A new method for monitoring urban beach ecosystems

Focus Areas Current Projects > A new method for monitoring urban beach
Karen Martin, Pepperdine University
Jenny Dugan, University of California Santa Barbara

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Project Description:

USC Sea Grant has funded a project to develop and test an ecological monitoring approach suitable for use by citizen scientists on urban beaches in California. The goal is to see if citizen scientists, after proper training, can collect high quality, repeatable, valid, time-series data on ecosystem components of urban beaches over appropriate time scales, and across geographically diverse sites that allow scientists and managers to improve the understanding and evaluation of the condition of sandy beach ecosystems in southern California.

Along Southern California’s coastline, urban beaches are important open spaces cherished by a diverse population. The urban beach is an iconic cultural asset, a signature coastal setting for human recreation, and the source of billions of dollars in economic revenue (Pendleton et al., 2001). Sandy beaches worldwide are vital to coastal economies, and visited by a global public including residents and tourists of all backgrounds and all ages (Klein et al., 2004). For the public, urban beaches are the most frequently visited marine ecosystem; there are over 150 million visits to California beaches annually worth billions of dollars (Pendleton and Kildow, 2006).

Traditionally managed as recreational areas and monitored to protect human health and safety, urban sandy beaches are also important natural coastal ecosystems that make up nearly 80% of the open coastline of Southern California (Smith et al 1976), and are vital to the survival of many animal and plant species (Straughan, 1982; James, 2000, Dugan et al 2003). Yet, most visitors are unaware of the critical role of beaches in plant and animal life cycles, and the unique biodiversity they support.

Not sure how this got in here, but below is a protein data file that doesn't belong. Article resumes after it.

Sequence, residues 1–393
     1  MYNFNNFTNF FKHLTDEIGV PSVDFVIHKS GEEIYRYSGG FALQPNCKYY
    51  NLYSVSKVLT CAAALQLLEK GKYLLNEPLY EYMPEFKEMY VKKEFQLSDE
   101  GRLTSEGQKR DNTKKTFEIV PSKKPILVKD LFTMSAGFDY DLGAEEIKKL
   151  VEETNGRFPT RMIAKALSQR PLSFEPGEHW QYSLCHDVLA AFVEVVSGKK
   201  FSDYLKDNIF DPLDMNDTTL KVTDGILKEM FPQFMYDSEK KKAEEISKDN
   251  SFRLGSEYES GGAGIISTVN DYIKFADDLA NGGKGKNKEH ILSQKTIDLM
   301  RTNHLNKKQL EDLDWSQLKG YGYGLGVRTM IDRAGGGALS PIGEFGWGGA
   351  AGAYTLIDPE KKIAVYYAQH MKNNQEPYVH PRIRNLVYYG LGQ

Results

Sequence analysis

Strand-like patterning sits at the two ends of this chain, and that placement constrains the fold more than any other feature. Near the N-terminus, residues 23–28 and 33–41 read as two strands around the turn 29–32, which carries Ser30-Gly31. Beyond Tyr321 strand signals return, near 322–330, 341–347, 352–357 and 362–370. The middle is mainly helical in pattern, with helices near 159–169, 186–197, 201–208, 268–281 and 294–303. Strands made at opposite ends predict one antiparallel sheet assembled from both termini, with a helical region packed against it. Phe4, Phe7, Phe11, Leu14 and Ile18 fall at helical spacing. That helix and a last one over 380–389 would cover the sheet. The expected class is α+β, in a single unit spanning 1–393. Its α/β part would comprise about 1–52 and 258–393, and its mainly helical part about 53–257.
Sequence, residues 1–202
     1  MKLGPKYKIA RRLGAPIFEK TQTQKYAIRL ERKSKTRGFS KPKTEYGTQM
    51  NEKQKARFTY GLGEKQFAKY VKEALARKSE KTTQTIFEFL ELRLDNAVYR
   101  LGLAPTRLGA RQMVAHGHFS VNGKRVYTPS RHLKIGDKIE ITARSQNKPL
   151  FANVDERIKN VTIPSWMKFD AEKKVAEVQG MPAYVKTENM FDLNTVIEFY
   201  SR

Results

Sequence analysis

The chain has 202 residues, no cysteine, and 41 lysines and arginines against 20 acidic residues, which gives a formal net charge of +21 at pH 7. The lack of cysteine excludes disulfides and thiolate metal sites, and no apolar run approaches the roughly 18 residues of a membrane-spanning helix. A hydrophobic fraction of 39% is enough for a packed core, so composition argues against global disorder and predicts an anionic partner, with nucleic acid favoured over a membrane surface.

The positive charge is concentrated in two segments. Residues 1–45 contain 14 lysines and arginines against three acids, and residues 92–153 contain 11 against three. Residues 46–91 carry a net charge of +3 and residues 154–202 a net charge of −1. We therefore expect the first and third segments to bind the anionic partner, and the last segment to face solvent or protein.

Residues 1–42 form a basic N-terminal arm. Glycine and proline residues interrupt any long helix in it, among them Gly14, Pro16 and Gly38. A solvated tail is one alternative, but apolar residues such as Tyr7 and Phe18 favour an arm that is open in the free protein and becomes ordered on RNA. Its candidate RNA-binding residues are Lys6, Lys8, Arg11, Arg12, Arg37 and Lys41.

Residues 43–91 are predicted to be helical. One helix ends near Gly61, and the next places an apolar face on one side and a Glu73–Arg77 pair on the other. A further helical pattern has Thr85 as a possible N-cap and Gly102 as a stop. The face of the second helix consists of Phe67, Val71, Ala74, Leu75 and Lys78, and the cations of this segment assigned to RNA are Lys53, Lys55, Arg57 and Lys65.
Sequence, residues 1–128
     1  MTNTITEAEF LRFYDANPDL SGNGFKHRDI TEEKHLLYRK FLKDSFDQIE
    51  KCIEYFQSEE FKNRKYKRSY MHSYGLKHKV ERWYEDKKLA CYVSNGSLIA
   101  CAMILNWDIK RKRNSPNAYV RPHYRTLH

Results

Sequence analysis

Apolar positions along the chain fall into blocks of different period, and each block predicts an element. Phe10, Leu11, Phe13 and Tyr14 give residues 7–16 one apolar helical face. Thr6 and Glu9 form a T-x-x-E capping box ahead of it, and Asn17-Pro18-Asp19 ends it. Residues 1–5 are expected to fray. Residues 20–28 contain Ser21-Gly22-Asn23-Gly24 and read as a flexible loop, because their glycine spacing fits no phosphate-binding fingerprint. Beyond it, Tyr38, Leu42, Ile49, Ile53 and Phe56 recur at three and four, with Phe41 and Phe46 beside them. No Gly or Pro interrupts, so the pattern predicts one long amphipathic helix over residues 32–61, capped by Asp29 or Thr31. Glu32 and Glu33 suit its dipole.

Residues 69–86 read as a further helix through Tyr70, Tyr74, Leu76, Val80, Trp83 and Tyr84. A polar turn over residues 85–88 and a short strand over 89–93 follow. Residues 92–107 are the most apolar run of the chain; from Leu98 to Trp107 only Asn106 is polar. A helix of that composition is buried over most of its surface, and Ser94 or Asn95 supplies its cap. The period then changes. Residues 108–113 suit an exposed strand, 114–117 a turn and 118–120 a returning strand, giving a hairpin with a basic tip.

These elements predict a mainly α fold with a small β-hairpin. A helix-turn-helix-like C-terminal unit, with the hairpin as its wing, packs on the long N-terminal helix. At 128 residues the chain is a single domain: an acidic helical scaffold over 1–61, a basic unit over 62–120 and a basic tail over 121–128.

Additionally, little data exists to evaluate natural variation in sandy beach ecosystems. The lack of information on ecological conditions and functions of urban beaches in Southern California impedes planning for conservation of these important coastal ecosystems to insure resilience. More data on the ecological condition of beaches in Southern California are urgently needed to address current and future pressures on these narrow fringing coastal ecosystems. Enhancing broader recognition of beaches as important and sensitive coastal ecosystems is crucial to conserving the biodiversity and wildlife that depend on them and the vital ecological functions beaches provide.

This project will develop and test an ecological monitoring approach suitable for use by citizen scientists on urban beaches in California. This will generate new knowledge and critically needed information on the ecological condition of sandy beaches, and will provide the potential for comparison of ecosystems status and trends among beaches and over time, allowing improved evaluation of effects of environmental impacts and restoration projects on this important coastal ecosystem.

2016 Project Updates:

The project has shown that it is possible to develop and implement a protocol for sandy beach monitoring by trained volunteer citizen scientists. A field guide was produced, a project web site for outreach was developed and posted online (www.AllAshore.org) including a web portal for data acquisition and database management, and a large number of financial and non-financial partners have been made to continue the project and expand the scope of the monitoring in the future. 

Preliminary data analysis indicates the species richness, abundance, and biomass of the intertidal community are significantly lower on urban compared to natural beaches. The composition of the intertidal community also differs significantly, with extensive loss of endemic beach taxa and only a small subset of what appear to be resilient species remaining on urban beaches. 

Data collected to date is being prepared for scientific publication and suggests that urbanization profoundly impacts biodiversity and function of sandy beach ecosystems. 

A mobile app is under construction for field identification of common beach animals, plants, and ecosystem features:

For more information on this project, contact Phyllis Grifman, Associate Director

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  • USC Sea Grant
  • 3454 Trousdale Pkwy, CAS 200
  • Los Angeles, CA 90089-0373
  • (213) 740 - 1961
  • seagrant@usc.edu